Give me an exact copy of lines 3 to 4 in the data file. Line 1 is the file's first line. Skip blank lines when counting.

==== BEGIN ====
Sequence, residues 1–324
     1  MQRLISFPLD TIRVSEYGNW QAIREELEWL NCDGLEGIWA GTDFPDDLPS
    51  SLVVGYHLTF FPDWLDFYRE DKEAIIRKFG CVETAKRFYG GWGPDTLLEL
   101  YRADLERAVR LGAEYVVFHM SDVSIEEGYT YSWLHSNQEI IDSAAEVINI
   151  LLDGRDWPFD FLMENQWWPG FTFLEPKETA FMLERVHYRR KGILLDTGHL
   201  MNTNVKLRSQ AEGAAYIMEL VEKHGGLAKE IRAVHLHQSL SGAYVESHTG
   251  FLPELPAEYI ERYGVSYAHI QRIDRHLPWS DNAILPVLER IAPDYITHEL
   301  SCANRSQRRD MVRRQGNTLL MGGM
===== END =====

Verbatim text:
    51  SLVVGYHLTF FPDWLDFYRE DKEAIIRKFG CVETAKRFYG GWGPDTLLEL
   101  YRADLERAVR LGAEYVVFHM SDVSIEEGYT YSWLHSNQEI IDSAAEVINI